Assignment in eternity, Volume 3

Front Cover
New American Library, Nov 1, 1954 - Fiction - 192 pages
28 Reviews

Robert A. Heinlein is widely and justly regarded as the greatest practitioner of the art of science fiction who has ever lived. Here are two of his greatest short novels:


In which the greatest superspy of them all is revealed as the leader of a league of supermen and women who can't quite decide what to do with the rest of us....


In which it is proved that we are all members of that league -- or would be, if we but had eyes to see....


Two of the Master's finest: one on the nature of Being, the other on what it means to be a Man.

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Or the pasted-on love story. - Goodreads
The ending was a disappointment. - Goodreads
The ending I felt over dramatic and rushed. - Goodreads

Review: Assignment in Eternity

User Review  - Chris Micklewright - Goodreads

Very original story telling; this is a great example of the best sci-fi has to offer. The book consists if 4 short stories exploring the limits of human potential. I am particularly fascinated by ... Read full review

Review: Assignment in Eternity

User Review  - Joe Sack - Goodreads

Classic Science Fiction. Not great, but the basis of a lot of what came after. Read full review


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About the author (1954)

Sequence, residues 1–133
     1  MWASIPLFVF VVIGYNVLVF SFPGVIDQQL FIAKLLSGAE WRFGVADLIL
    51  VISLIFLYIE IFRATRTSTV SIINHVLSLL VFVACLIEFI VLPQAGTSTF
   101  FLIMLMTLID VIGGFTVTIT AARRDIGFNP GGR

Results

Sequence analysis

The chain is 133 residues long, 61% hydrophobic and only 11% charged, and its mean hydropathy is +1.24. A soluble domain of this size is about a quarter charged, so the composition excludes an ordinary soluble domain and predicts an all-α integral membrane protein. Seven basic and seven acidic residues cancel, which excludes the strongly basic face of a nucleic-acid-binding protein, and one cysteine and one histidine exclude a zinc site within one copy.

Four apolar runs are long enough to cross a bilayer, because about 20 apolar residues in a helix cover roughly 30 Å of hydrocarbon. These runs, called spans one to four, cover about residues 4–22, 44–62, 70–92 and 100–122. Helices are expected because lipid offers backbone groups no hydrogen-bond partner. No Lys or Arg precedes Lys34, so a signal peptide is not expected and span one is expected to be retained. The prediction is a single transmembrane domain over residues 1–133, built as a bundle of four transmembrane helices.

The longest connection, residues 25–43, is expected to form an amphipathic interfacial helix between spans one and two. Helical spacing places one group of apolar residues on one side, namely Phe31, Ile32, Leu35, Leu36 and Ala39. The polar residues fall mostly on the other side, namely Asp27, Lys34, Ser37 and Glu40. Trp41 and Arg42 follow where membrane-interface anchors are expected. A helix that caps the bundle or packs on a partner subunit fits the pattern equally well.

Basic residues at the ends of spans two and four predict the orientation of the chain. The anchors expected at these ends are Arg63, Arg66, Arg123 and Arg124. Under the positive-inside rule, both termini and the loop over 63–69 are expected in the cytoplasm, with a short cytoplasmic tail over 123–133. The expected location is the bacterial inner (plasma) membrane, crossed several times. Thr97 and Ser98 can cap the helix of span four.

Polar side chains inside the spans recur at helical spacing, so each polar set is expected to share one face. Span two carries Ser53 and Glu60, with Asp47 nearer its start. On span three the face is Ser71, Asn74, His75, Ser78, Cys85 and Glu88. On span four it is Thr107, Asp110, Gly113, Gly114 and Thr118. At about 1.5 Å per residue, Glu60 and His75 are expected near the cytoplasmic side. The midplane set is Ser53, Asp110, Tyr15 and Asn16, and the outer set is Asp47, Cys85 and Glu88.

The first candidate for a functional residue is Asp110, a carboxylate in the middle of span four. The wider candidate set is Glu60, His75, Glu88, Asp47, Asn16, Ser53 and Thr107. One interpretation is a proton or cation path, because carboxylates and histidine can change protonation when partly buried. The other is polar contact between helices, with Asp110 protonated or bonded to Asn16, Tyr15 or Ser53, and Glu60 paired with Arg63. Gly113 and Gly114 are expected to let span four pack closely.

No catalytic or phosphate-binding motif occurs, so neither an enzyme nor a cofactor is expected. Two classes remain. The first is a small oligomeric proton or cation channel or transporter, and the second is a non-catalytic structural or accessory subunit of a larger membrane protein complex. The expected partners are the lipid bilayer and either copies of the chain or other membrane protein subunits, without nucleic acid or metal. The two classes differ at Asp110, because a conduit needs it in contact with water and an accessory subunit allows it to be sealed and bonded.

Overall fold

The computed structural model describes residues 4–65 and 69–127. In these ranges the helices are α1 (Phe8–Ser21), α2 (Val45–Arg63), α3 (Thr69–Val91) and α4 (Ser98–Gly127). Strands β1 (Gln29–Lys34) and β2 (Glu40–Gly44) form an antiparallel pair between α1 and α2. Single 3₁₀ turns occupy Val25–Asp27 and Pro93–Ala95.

Robert Anson Heinlein was born on July 7, 1907 in Butler, Mo. The son of Rex Ivar and Bam Lyle Heinlein, Robert Heinlein had two older brothers, one younger brother, and three younger sisters. Moving to Kansas City, Mo., at a young age, Heinlein graduated from Central High School in 1924 and attended one year of college at Kansas City Community College. Following in his older brother's footsteps, Heinlein entered the Navel Academy in 1925. After contracting pulmonary tuberculosis, of which he was later cured, Heinlein retired from the Navy and married Leslyn Macdonald. Heinlein was said to have held jobs in real estate and photography, before he began working as a staff writer for Upton Sinclair's EPIC News in 1938. Still needing money desperately, Heinlein entered a writing contest sponsored by the science fiction magazine Thrilling Wonder Stories. Heinlein wrote and submitted the story "Life-Line," which went on to win the contest. This guaranteed Heinlein a future in writing. Using his real name and the pen names Caleb Saunders, Anson MacDonald, Lyle Monroe, John Riverside, and Simon York, Heinlein wrote numerous novels including For Us the Living, Methuselah's Children, and Starship Troopers, which was adapted into a big-budget film for Tri-Star Pictures in 1997. Heinlein died in 1988 from emphysema and other related health problems. Heinlein's remains were scattered from the stern of a Navy warship off the coast of California.

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